After hearing all the stories we've heard, I should probably take better care not to venture out on my own but Matt and I have yet to have a day off of work together. Because of this I have taken it upon myself to be my own company. I am not in Canada's arctic to stay inside and watch TV. The cable has been out anyway, which helps to keep me motivated to be out exploring.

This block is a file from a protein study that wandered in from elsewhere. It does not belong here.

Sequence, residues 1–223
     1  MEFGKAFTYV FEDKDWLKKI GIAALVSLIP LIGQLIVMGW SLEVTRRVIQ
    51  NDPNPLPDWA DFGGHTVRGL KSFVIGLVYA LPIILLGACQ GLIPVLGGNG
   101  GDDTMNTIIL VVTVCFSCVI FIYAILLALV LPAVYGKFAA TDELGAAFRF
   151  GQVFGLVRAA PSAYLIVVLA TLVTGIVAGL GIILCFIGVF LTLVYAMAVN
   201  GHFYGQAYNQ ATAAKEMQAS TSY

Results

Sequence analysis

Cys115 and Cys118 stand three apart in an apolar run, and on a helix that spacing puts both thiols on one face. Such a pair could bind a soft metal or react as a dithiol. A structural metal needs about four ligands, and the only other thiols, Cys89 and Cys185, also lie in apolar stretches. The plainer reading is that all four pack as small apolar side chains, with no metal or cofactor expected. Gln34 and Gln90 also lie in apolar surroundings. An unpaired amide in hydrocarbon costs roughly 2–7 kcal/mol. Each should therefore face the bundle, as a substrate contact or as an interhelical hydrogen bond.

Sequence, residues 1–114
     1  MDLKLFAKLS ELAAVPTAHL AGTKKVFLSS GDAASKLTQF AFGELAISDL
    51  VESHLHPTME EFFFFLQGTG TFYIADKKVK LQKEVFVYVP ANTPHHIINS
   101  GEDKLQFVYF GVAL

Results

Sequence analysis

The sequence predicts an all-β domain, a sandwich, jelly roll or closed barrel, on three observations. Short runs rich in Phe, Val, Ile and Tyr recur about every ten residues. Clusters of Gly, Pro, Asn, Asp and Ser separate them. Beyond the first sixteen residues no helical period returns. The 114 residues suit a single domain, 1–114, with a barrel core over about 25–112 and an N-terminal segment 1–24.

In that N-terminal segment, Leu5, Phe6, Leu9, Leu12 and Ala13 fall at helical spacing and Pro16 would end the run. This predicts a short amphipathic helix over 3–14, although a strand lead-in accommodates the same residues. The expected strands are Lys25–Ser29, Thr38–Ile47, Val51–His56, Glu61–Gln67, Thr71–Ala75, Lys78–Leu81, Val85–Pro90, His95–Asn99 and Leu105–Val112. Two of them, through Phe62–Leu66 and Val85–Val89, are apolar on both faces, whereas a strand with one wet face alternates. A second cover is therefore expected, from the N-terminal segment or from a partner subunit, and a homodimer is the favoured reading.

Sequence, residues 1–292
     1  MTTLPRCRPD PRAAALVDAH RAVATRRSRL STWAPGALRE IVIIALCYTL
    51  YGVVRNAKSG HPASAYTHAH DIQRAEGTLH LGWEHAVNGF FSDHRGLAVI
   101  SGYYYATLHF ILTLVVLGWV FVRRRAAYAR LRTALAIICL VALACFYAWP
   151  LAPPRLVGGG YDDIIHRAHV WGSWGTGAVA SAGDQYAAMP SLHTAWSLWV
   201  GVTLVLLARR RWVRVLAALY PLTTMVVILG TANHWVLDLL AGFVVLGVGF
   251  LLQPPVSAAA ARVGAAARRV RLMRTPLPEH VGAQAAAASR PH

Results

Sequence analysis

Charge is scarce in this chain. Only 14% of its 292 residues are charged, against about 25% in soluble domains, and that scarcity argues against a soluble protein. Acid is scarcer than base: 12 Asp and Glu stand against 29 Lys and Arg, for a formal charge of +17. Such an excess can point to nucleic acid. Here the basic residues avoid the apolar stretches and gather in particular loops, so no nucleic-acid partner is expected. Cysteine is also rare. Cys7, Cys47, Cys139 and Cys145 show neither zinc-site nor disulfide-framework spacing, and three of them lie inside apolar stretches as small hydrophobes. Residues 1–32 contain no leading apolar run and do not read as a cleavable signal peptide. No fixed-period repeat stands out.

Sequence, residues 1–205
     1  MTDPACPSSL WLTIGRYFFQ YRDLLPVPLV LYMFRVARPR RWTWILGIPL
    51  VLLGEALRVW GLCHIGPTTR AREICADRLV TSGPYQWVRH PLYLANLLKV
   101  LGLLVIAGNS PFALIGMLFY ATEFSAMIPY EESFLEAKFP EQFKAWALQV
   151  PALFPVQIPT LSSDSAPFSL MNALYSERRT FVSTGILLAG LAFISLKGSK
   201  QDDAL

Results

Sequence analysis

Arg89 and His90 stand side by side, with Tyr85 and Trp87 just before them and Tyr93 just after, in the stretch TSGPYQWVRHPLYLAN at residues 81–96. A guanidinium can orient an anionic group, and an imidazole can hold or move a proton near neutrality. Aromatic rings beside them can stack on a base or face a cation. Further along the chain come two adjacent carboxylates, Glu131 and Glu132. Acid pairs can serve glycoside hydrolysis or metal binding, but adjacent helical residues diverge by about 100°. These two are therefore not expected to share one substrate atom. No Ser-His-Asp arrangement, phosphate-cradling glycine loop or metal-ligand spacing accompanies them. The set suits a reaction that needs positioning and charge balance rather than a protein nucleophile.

I got out of bed, had a good breakfast, climbed the very large hill, and descended down the other side. This is where I found the Iqaluit graveyard. The yard is incredibly small in comparison to the ones we see down South. I sat and admired it for some time, wondering how this could be all of Iqaluit's dead. Some people have told me stories of other graveyards but no one seems to know where they are and some have told me stories of elders, placing themselves on ice rafts and floating away when they knew the time was coming... I have yet to decide which are just stories. In the past they placed their deceased in wooden boxes, modest caskets if you will. The boxes would be left above ground because most of the ground cover here is made up of rock and the rest is frozen for a large part of the year. In more recent times they would simply place the bodies on the earth and bury them with rocks. I am told that now, no doubt because of modern machinery, they actually dig graves that are three or four feet deep. They dig them where the earth is soft enough to dig out. The Iqaluit graveyard is located just off of the Koojesse inlet shore line. When the tide is out, the water is probably a couple hundred feet from the yard but when the tide is in it is only about forty feet away. From this angle the water is off to the left.